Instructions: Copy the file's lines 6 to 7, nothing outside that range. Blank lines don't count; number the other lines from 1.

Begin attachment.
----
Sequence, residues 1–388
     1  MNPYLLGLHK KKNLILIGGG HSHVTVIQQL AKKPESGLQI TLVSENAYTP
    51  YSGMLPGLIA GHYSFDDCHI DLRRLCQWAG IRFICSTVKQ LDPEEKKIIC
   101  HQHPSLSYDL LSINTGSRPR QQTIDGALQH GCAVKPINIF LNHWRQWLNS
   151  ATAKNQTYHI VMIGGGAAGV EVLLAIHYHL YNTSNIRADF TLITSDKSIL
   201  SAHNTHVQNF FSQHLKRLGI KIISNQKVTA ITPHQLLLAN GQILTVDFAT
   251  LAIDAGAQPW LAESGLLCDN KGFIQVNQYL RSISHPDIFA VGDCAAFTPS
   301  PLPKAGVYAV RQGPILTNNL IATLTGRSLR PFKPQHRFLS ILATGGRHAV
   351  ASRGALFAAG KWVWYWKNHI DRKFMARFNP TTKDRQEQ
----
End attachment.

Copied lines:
   201  SAHNTHVQNF FSQHLKRLGI KIISNQKVTA ITPHQLLLAN GQILTVDFAT
   251  LAIDAGAQPW LAESGLLCDN KGFIQVNQYL RSISHPDIFA VGDCAAFTPS